This Season's Most Fashionable Psycho Thrillers

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The S/S17 shows found abundant inspiration in horror films: we decode the terrifying characters behind the collections

The horror movies of yesteryear are embedded in our collective consciousness: echoes of characters from the 1960s to the 00s reappear again and again, especially at this hallowed time of year. But it’s not just party-goers that these films influence: fashion designers regularly plunder film archives for inspiration and few genres are as visually stimulating and memorable as that of the psycho thriller. The 80s gave us an armory of aesthetically arresting flicks from The Shining to The Lost Boys while that same decade set the scene for movies like American Psycho to appear decades later. The late 60s and early 70s were immortalised in influential films like Don’t Look Now and Rosemary’s Baby, where the style of the time was encapsulated in crystalline clarity – and each of these iconic films found themselves translated onto the S/S17 catwalks. We explore the collections that brought fright-night fashion into the new season: from Miu Miu to Balenciaga.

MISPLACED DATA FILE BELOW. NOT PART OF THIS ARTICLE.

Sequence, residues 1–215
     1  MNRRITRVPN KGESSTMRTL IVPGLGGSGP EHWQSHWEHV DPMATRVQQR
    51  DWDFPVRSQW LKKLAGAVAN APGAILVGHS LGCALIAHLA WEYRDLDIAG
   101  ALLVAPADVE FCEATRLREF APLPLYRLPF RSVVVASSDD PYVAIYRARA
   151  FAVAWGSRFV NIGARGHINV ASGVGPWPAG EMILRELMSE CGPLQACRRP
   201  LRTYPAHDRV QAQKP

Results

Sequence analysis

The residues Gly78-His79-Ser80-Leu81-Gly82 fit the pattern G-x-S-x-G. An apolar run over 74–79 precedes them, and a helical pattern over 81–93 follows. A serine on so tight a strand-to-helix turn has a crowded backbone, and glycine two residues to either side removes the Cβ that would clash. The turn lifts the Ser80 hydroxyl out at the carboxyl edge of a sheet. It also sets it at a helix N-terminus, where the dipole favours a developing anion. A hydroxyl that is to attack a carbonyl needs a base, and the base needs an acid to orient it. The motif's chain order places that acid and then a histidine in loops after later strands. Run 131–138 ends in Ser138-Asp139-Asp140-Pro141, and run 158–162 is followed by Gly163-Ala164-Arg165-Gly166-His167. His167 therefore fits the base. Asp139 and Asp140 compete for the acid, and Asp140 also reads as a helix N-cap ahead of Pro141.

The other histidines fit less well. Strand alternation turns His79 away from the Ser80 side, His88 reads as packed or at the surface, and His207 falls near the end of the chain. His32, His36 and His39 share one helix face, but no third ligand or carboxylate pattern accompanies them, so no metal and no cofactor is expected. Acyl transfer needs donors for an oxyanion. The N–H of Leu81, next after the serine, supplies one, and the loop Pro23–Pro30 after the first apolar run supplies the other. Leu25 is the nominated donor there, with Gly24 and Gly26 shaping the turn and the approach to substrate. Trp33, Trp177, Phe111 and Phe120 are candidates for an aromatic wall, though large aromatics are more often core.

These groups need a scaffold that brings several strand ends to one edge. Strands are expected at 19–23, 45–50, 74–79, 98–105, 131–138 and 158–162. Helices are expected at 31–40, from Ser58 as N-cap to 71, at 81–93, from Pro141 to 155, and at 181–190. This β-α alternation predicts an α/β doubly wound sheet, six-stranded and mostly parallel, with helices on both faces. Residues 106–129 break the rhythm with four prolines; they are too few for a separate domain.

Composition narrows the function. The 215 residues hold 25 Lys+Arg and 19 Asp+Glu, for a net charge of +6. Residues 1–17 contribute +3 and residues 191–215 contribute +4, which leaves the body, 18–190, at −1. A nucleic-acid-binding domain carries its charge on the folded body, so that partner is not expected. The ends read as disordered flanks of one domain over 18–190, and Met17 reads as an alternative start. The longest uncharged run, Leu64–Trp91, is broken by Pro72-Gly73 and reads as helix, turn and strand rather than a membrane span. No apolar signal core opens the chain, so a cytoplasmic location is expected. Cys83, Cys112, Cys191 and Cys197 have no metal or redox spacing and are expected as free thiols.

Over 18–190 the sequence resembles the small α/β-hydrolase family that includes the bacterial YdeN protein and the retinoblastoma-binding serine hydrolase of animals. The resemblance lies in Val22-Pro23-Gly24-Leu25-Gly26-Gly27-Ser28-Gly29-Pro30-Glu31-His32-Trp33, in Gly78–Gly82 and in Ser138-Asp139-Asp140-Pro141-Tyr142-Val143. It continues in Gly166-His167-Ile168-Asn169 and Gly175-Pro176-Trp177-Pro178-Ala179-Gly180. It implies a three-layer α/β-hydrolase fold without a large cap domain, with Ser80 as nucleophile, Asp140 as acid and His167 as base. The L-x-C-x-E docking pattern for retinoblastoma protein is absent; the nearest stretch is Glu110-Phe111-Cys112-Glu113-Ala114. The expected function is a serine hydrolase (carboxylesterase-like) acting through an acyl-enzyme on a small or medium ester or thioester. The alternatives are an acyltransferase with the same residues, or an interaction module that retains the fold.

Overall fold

1. Shelley Duvall in The Shining
Despite the occasional slurry of snot and some unabashed snivelling, Shelley Duvall’s Wendy Torrance in Stanley Kubrick’s The Shining is a style icon: her abundance of roll-necks, a conservative-looking Victoriana blouse and a red-tights-apron-dress combo decree it so. While Duvall’s nervously sticky tendrils of wet-look hair might be seen at Simone Rocha S/S17, Miuccia Prada offered an elegant take on the character’s penchant for layering. Though the 1940s high-waisted knickers wouldn’t fare too well around the snowy estate of the Overlook Hotel, the checked wrap shirt and side-buttoned sweater would get you a Bourbon in the Gold Room in no time.